To critically appraise the published comparative effectiveness studies on non-vitamin K antagonist oral anticoagulants (NOACs) in non-valvular atrial fibrillation (NVAF). Results were compared with expectations formulated on the basis of trial results with specific attention to the patient years in each study.
All studies that compared the effectiveness or safety between at least two NOACs in patients with NVAF were eligible. We performed a systematic literature review in Medline and EMbase to investigate the way comparisons between NOACs were made, search date 23 April 2019. Critical appraisal of the studies was done using among others ISPOR Good Research Practices for comparative effectiveness research.
We included 39 studies in which direct comparison between at least two NOACs were made. Almost all studies concerned patient registries, pharmacy or prescription databases and/or health insurance database studies using a cohort design. Corrections for differences in patient characteristics was applied in all but two studies. Eighteen studies matched using propensity scores (PS), 8 studies weighted patients based on the inverse probability of treatment, 1 study used PS stratification and 10 studies applied a proportional hazards model. These studies have some important limitations regarding unmeasured confounders and channelling bias, even though the larger part of the studies were well conducted technically. On the basis of trial results, expected differences are small and a naïve analysis suggests trials with between 7200 and 56 500 patients are needed to confirm the observed differences in bleedings and between 51 800 and 7 994 300 to confirm differences in efficacy.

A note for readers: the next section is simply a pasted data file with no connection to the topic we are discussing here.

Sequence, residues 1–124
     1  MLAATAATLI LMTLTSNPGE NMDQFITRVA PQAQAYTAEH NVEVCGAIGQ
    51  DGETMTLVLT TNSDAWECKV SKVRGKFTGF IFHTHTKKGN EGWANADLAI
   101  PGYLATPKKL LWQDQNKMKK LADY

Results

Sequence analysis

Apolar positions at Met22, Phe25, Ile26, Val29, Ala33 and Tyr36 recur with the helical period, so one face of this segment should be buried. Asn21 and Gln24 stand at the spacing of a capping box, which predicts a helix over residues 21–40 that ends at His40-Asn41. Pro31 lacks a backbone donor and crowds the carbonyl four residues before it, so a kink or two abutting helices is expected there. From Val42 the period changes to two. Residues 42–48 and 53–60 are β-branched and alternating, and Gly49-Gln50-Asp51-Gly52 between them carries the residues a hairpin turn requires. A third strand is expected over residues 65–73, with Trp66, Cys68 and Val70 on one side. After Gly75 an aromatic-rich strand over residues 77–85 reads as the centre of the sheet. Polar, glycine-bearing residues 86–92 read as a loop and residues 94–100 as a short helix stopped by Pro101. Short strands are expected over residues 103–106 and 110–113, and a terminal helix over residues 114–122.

Comparisons regarding effectiveness and safety between NOACs on the basis of observational data, even after correction for baseline characteristics, may not be reliable due to unmeasured confounders, channelling bias and insufficient sample size. These limitations should be kept in mind when results of these studies are used to decide on ranking NOAC treatment options.